Discovered by the ATLAS telescope system earlier this year (June 27, 2020), it makes its closest approach to Earth on the 14th November. The ATLAS telescope system developed by the University of Hawaii is an asteroid or comet impact early warning system. The comet reached perihelion, closest approach to the Sun on October 25th this year. At closest approach to us, it will be 53 613 439 km from Earth and will not return until the year 2159. The comet appears as a small fuzzy diffuse object and not star-like at all. A position change can easily be noted after observing for 60 minutes or so as it moves at 51 500 km/h while the nearby stars appear or seem to be fixed in their positions. Over a 24 hour period the comets movement is easily noted.

The two images were taken from Pearly Beach in the Western Cape around midnight on the 11th November.


Comet C/2020 F3 NEOWISE

by Kos Coronaios

This comet is a long period comet with a near-parabolic orbit discovered on March 27, 2020, by astronomers during the NEOWISE mission of the Wide-field Infrared Survey Explorer space telescope.

At that time, it was an 18th-magnitude object, located 2 AU (300 million km; 190 million mi) away from the Sun and 1.7 AU (250 million km) away from Earth.

NEOWISE is known for being the brightest comet in the northern hemisphere since Comet Hale–Bopp in 1997. It was widely photographed by professional and amateur observers and was even spotted by people living near city centers and areas with light pollution. While it was too close to the Sun to be observed at perihelion (03 July 2020), it emerged from perihelion around magnitude 0.5 to 1, making it bright enough to be visible to the naked eye. Under dark skies, it could be seen with the naked eye and remained visible to the naked eye throughout July 2020. By July 30, the comet was about magnitude 5, but binoculars were required near urban areas to locate the comet.

For observers in the southern hemisphere, the comet was visible from around the 26th July a couple of degrees above the northern horizon after sunset. At around magnitude +5 it was never going to be visible with the naked eye due to it’s proximity to the horizon shortly after sunset, but it was a reasonably easy target for binoculars as well as small telescopes by the first week in August. Currently at around magnitude +7 it is in the constellation of Virgo, moving into Libra by the end of September 2020.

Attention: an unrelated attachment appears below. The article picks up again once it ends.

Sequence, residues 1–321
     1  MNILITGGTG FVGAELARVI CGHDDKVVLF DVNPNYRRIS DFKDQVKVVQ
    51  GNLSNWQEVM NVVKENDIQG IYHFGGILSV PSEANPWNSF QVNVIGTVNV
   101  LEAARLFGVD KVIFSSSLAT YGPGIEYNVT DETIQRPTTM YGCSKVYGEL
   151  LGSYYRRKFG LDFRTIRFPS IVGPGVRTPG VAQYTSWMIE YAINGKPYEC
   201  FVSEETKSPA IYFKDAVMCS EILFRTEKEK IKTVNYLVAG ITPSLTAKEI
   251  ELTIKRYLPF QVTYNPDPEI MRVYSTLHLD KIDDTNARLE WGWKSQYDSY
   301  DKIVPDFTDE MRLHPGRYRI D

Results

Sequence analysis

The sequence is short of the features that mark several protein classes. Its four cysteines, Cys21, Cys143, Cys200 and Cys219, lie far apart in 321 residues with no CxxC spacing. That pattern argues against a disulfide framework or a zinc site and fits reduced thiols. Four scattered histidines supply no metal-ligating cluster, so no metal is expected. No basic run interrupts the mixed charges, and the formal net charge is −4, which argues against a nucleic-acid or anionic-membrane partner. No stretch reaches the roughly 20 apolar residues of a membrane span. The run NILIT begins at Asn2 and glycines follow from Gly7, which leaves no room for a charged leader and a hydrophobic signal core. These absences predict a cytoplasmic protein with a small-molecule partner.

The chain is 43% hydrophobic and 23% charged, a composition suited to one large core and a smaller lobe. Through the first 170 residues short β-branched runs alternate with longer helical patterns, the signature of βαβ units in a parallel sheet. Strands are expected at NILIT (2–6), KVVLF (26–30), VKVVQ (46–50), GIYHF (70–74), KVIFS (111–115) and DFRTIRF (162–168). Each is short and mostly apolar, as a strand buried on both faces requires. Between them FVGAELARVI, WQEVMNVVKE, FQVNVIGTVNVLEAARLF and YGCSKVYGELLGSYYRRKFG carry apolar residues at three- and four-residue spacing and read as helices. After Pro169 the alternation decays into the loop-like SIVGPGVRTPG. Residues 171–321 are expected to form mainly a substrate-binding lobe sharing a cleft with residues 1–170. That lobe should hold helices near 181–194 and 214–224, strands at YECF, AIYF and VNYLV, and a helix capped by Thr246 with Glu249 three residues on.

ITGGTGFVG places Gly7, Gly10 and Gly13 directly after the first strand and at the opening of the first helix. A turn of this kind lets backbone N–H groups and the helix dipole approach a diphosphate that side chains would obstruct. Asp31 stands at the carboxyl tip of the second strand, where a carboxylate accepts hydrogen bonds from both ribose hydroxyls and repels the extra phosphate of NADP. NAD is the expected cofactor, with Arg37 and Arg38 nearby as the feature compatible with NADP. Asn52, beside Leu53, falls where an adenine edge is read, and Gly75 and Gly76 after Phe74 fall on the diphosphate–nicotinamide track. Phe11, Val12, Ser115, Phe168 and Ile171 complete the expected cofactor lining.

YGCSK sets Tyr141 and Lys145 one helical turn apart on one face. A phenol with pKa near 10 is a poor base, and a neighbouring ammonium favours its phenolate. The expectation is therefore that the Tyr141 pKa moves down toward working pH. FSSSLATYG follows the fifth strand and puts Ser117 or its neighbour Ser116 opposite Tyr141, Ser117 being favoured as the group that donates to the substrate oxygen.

Comet C/2020 F8 (SWAN)

by Kos Coronaios

Comet C/2020 F8 (SWAN) was discovered in images taken by the SWAN camera on March 25th 2020, aboard the Solar Heliospheric Observer (SOHO), I was fortunate to have a number of imaging/observing sessions before the comet moved to close to the horizon in the early hours of the morning to be visible from my location in Pearly Beach, Western Cape. These started from the middle of April, with the last session on the 5th May when proximity to the horizon as well as the Moon became problematic.

Analyzing the images from SWAN, Michael Mattiazzo, (Swan Hill, Australia), realized that they showed a new comet in outburst. The comet increased in brightness becoming a naked eye apparition towards the end of April. While Southern hemisphere observers have had the best seats from around mid April to early May, the comet is rapidly moving northwards and if the comet’s brightness increases or at least remains as is for the next few weeks, northern hemisphere observers and astrophotographers are in for a treat. Comet SWAN will make its closest approach to Earth on May 12 and reach perihelion on May 27.


Sky Guide 2021 now available


A Bit of Sky Guide History

The first edition of this Sky Guide was published in 1946 and was known as the Astronomical Handbook for Southern Africa. It consisted of 12 pages and was available for 1/6 from Juta and Co., Darling Street, Cape Town. Dr Richard Hugh Stoy of the Royal Observatory carried out most of the calculations, assisted by Mr Reginald de Kock, Dr Alan Cousins and other members of staff. In 1957 the book was redesigned and most of the calculations were performed by the Transvaal Centre’s Computing Section. In 1962 the Handbook was sold for 25 cents, and the Royal Observatory was again responsible for generating the data. In 1974, Dr Tony Fairall at the UCT Astronomy Department took over as editor. The next 13 issues were edited by Mr Rupert Hurly until Ms Pat Booth took over in 1990. During 2003, a committee consisting of Auke Slotegraaf, Maciej Soltynski and Cliff Turk, assisted by many helpers, redesigned the Handbook. After much deliberation the name was changed to the Sky Guide.


Big 5 of the African Sky

Published 2017 June 23
The Big 5 of the African Sky – the five best deep-sky objects – are beautifully placed at this time of year for observing.

Find out more about the Big 5 and how to observe them and also how to qualify for this beautiful personalized mug!